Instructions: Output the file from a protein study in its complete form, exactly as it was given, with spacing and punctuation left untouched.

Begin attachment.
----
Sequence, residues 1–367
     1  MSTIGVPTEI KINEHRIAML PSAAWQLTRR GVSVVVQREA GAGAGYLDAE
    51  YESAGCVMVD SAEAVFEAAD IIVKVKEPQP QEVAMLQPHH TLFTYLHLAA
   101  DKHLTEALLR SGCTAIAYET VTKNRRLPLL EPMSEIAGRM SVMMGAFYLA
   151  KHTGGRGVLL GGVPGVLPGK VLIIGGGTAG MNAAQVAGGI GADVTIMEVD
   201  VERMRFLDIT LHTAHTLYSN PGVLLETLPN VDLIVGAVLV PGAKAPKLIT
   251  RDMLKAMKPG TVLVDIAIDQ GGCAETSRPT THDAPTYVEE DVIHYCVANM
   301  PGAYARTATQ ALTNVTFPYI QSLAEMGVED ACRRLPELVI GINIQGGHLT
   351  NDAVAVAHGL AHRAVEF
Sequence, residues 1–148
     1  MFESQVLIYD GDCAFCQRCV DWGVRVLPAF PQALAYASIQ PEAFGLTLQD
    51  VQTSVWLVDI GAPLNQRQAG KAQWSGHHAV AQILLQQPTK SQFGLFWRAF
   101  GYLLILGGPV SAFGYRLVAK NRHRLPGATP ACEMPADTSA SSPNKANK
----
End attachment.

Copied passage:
Sequence, residues 1–367
     1  MSTIGVPTEI KINEHRIAML PSAAWQLTRR GVSVVVQREA GAGAGYLDAE
    51  YESAGCVMVD SAEAVFEAAD IIVKVKEPQP QEVAMLQPHH TLFTYLHLAA
   101  DKHLTEALLR SGCTAIAYET VTKNRRLPLL EPMSEIAGRM SVMMGAFYLA
   151  KHTGGRGVLL GGVPGVLPGK VLIIGGGTAG MNAAQVAGGI GADVTIMEVD
   201  VERMRFLDIT LHTAHTLYSN PGVLLETLPN VDLIVGAVLV PGAKAPKLIT
   251  RDMLKAMKPG TVLVDIAIDQ GGCAETSRPT THDAPTYVEE DVIHYCVANM
   301  PGAYARTATQ ALTNVTFPYI QSLAEMGVED ACRRLPELVI GINIQGGHLT
   351  NDAVAVAHGL AHRAVEF
Sequence, residues 1–148
     1  MFESQVLIYD GDCAFCQRCV DWGVRVLPAF PQALAYASIQ PEAFGLTLQD
    51  VQTSVWLVDI GAPLNQRQAG KAQWSGHHAV AQILLQQPTK SQFGLFWRAF
   101  GYLLILGGPV SAFGYRLVAK NRHRLPGATP ACEMPADTSA SSPNKANK